Another surprising finding is that in all age groups from 16 to 64 years, more than 70 percent of the internet users purchased a product online.


In 2021 and beyond, we will see even more significant shifts in the digital behavior of consumers and businesses, which digital marketers need to be aware of. Consumers and business customers will embrace digital even more as they adjust to the digital normal.

These will lead to a saturation of the digital messages that inundate various digital channels. Successful digital marketers, therefore, will be those who will identify new customer personas and recalibrate their digital marketing efforts. It is also important for companies and brands to reformulate their value propositions, and uniformly and consistently communicate these to various digital channels.

Since social media is the primary channel and source of information for Filipinos when searching for a product or discovering a brand, digital marketers need to consider different video formats for each demographic or psychographic target group.

For example, in the Philippines, we have seen a steady rise of short video content on Facebook, Instagram stories, TikTok, and YouTube. Companies and brands are using influencers to communicate value propositions and induce purchase. This is still an effective digital media, based on finding by digital marketing agencies.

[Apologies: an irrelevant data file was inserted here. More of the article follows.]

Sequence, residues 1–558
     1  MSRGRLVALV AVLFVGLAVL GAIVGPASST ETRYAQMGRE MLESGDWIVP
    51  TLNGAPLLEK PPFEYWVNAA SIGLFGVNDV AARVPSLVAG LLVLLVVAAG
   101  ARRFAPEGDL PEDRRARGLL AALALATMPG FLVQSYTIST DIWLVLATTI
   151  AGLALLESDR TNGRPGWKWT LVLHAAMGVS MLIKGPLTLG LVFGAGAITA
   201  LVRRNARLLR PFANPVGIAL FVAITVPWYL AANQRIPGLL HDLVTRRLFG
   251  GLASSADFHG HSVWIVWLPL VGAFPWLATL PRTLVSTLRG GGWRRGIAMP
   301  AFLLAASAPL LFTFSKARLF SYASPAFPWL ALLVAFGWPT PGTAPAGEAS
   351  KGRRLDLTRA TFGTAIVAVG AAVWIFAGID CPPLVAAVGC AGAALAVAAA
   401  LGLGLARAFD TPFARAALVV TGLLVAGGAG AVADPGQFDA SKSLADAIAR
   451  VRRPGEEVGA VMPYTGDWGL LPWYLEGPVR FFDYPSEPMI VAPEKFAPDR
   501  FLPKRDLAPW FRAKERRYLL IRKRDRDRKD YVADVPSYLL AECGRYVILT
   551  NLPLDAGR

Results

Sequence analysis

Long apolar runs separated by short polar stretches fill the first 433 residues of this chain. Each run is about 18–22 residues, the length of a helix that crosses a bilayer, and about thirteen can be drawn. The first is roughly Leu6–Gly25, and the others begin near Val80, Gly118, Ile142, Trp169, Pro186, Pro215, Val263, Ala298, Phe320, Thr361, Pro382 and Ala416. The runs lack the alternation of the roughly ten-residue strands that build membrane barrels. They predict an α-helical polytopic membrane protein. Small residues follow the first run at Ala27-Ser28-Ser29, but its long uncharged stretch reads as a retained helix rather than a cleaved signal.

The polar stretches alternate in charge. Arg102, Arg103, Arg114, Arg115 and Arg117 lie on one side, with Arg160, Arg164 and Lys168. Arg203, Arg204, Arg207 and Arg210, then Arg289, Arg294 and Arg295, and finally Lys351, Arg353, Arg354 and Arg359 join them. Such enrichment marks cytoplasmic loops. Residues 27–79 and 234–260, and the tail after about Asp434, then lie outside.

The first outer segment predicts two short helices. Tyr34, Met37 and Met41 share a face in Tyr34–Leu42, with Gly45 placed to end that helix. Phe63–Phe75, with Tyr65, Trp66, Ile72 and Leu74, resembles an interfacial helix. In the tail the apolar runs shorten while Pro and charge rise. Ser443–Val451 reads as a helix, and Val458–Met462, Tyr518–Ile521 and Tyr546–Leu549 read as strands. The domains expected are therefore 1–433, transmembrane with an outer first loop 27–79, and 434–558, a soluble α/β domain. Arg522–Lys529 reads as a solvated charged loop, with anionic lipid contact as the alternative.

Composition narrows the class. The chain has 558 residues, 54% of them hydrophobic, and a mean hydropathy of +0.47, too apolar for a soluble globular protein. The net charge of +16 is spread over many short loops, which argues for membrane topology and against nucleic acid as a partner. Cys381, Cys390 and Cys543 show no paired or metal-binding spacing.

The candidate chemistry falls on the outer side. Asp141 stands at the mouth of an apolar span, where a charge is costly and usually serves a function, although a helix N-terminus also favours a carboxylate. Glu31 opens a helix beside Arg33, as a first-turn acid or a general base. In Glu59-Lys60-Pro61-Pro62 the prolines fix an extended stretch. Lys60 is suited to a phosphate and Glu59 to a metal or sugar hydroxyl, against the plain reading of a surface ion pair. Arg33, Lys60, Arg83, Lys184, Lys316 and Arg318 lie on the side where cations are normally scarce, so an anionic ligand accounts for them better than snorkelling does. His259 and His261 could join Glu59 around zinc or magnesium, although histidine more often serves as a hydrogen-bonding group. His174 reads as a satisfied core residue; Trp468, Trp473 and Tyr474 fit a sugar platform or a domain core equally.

Short and easy-to-consume content, with texts and images, is also rising and being used by successful digital marketers. Product and brand blogs, newsletters, mobile app content, and short consumer reviews are formats that digital markets can use. The key in using any digital format is to ask these questions:

How can I capture my audience in the first three seconds?

Facebook and Nielsen found that up to 47 percent of the value in a video campaign was delivered in the first three seconds, while up to 74 percent of the value was delivered in the first ten. So, if a video or content can hold your audience’s attention for the first three seconds, you have a higher chance of successfully delivering your message.

Does my digital message communicate my company’s value proposition?

A value proposition is a set of benefits that a customer will derive from a service or a product. Digital marketing messages should communicate how a product or service addresses a need or solve a problem.

Is my content relevant?

Content can help educate your audience, help your brand or company become more visible online, and increase traffic to all other digital channels like website and mobile app.


Digital marketers need to adapt to these unprecedented shifts in digital adoption and consumption among consumers and businesses.

The author is the founder and chief executive officer of Hungry Workhorse, a digital and culture transformation consulting firm. He is Fellow at the US-based Institute for Digital Transformation. He teaches strategic management in the MBA Program of De La Salle University. The author may be emailed at